Thu, Jan 13, 2005 - Page 13 News List

The eyelashes are artificial but the happiness is real

No detail is too small for Taipei's growing beauty industry

By Diana Freundl  /  STAFF REPORTER

The eyes have it at at Borghese Beauty Spa in Taipei.

PHOTOS COURTESY OF ASHLEY PENG

Spending time and money to look good is no recent trend in Taiwan but salons and spas are multiplying in Taipei and are offering beauty-conscious women the latest fashion in cosmetic treatments.

"There are no ugly women only lazy women" (只有懶女人沒有醜女人), said Lee Li-ming (李麗敏) the general manager at Borghese Beauty Spa in Taipei, repeating a line first made popular by Helena Rubinstein.

It's a common saying (at least it is in the beauty industry) that suggests everyone has hidden beauty and only needs to spend a little time to bring it out.

Taiwan's salons go more than skin deep, because as Lee explained, "We spoil them [clients] for a few hours and make them feel good on the inside. When they feel good, they look good."

In the past, women went to hair salons to have their hair styled and nails painted, she said. Now, with more financial freedom and leisure time they're experimenting with their appearances.

A new look includes everything from a NT$400 eyelash perming at a simple beauty salon to a NT$4,500 body mask at an extravagant day spa.

Taiwan's spa sector has evolved from the hair parlors of 30 years ago into the luxury beauty centers of today, said Shenyn Wang (王序寧), the founding chairperson of International Spa Association Taiwan. She attributes the explosion in the industry to an emerging middle class and strengthening economy from 20 years ago.

"When spas first originated in Taiwan, they were based on those in Japan that offer body masks and massages, but today they are a combination of the Japanese style and the European cosmetic centers, which offer facials and cosmetic services," she said.

According to Wang, the Ministry of Economic Affairs does not have an annual earnings report for the spa industry. Part of the reason is that it falls under the beauty sector, which includes hair salons, slimming parlors and fitness centers, but more importantly because 30 percent of the industry is made up of unlicensed business.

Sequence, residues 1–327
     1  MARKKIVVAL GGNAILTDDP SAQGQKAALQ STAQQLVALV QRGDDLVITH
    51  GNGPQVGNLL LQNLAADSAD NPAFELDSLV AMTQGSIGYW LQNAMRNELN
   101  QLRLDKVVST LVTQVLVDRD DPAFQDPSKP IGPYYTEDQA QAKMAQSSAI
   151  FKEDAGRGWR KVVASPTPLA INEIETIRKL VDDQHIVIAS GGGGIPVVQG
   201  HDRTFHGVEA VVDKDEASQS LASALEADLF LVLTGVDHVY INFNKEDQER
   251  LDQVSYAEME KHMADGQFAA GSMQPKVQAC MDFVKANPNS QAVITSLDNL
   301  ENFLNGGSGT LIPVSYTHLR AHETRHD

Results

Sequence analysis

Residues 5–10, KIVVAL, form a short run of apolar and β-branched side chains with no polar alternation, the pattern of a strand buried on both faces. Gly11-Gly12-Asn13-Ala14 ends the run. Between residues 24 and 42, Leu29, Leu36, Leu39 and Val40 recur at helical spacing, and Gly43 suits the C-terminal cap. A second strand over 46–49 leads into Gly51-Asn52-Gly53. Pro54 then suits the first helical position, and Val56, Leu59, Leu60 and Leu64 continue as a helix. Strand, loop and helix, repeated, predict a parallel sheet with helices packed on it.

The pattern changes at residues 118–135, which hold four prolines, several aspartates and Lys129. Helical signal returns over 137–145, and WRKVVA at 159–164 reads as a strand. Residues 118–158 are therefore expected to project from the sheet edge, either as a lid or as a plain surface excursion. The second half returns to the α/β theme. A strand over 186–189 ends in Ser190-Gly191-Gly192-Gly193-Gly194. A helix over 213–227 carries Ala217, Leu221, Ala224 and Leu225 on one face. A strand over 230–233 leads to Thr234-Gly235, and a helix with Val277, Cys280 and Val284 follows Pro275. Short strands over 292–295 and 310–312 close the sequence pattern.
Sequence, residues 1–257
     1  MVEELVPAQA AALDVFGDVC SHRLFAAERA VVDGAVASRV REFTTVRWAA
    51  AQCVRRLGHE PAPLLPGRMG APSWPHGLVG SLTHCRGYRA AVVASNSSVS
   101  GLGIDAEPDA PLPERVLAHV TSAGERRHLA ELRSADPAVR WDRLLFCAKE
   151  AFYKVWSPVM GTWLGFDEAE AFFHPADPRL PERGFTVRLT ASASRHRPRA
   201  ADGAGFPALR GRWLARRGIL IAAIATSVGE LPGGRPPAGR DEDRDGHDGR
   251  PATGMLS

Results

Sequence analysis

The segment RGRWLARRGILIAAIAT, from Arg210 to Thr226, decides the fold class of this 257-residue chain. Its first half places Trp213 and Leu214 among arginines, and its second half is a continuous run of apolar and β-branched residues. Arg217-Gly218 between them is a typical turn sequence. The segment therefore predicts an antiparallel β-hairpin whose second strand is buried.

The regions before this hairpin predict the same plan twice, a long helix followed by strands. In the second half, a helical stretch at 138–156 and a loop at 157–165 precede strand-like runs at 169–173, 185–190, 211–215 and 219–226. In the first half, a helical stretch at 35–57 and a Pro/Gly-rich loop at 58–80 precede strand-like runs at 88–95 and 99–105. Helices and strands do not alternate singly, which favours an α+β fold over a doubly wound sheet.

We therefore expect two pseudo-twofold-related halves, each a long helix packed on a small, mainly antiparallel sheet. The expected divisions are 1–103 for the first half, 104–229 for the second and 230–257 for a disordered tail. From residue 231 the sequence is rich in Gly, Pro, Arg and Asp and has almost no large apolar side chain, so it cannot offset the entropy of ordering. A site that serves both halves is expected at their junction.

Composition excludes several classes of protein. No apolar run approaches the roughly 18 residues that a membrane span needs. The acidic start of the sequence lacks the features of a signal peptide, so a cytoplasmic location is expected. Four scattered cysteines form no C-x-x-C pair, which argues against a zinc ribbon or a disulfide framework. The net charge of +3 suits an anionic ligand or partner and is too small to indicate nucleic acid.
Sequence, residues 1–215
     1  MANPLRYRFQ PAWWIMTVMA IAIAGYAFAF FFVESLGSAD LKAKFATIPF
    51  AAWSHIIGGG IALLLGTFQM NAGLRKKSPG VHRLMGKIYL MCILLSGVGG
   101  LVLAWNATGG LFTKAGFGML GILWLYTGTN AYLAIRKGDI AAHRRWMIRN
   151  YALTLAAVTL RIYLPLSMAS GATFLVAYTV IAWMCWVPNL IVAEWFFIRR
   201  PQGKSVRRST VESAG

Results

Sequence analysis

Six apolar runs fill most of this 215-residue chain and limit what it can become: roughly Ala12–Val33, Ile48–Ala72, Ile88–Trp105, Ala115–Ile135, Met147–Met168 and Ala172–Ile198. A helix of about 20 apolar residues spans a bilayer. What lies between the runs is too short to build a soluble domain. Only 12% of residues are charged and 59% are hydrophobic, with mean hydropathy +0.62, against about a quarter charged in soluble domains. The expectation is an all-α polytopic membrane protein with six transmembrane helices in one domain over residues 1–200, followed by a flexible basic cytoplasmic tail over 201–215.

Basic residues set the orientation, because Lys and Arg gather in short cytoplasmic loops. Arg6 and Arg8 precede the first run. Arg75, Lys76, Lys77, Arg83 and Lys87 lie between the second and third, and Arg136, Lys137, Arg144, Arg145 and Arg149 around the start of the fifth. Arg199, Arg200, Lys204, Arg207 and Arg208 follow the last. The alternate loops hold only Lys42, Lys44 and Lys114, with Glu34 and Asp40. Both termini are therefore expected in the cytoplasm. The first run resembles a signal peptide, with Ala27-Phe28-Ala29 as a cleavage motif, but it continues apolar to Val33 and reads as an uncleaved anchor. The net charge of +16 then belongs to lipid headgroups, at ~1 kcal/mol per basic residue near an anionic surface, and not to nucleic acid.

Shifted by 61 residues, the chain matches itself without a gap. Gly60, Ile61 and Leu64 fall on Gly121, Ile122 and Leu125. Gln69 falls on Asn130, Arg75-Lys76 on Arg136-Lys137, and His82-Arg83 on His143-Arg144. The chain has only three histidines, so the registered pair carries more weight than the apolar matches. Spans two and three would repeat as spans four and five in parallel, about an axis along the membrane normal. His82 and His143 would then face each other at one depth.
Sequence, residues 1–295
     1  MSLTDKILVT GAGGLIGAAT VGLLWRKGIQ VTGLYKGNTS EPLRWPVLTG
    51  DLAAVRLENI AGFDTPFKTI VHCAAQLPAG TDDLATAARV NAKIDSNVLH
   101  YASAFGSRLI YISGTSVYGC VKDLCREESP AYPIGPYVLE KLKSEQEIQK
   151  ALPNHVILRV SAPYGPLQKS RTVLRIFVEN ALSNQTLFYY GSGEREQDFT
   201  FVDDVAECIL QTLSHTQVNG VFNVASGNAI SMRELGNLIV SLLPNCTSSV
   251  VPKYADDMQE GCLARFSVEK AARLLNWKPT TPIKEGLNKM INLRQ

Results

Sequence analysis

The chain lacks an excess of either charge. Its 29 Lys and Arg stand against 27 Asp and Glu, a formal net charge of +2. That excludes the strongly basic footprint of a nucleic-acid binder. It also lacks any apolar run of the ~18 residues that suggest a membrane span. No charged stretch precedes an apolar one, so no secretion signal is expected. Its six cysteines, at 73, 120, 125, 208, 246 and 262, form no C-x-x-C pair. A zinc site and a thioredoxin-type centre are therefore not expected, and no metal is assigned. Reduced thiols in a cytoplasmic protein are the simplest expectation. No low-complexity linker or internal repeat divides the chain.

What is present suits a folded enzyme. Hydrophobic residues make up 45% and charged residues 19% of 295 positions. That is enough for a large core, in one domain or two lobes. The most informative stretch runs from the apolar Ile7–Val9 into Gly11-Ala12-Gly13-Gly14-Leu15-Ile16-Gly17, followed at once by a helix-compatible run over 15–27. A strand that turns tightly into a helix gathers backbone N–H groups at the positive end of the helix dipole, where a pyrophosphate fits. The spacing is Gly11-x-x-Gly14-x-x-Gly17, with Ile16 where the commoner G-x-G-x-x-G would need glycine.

"Taiwan's beauty spas have multiplied in numbers. You can find one on every street now. But the quality of service varies from spa to spa," she said.

Lee's spa, Bourgesu, like most mid-to-high-end beauty salons, has an extremely relaxing environment. The soft lighting, new-age music, herbal tea and aromatherapy are all devices to make spending a few hours there feel like a brief escape from the city.

Eighty percent of Lee's customers come for facials and are the 35 to 45-year-old wives of wealthy businessmen. There are anti-wrinkle, re-hydrating and revitalizing facials with prices ranging from NT$2,200 to NT$4,500, but the most popular facial treatment is whitening.

Facials are where most salons make their profit, but a few advancements in cosmetic techniques have become fashionable among the young and old. Tattooing eyeliner and eyebrows has given way to perming and fake eyelashes, the latest trends in the beauty industry, Lee said.

Kobayashi Makae, who moved to Taiwan from Japan eight months ago, had her eyelashes permed for the first time last Saturday. She normally goes to the spa twice a month for a body mask and facial, spending approximately NT$15,000 a month.

Another loyal yet less frequent customer, Wang Pei-hua (王珮華) said she goes once every two months for a two-hour facial. Last Saturday she opted for an extra one-hour body massage because she was getting married the next day. When asked what makes a 22-year-old woman decide to get a facial she said, "It makes my skin look brighter and feel softer.

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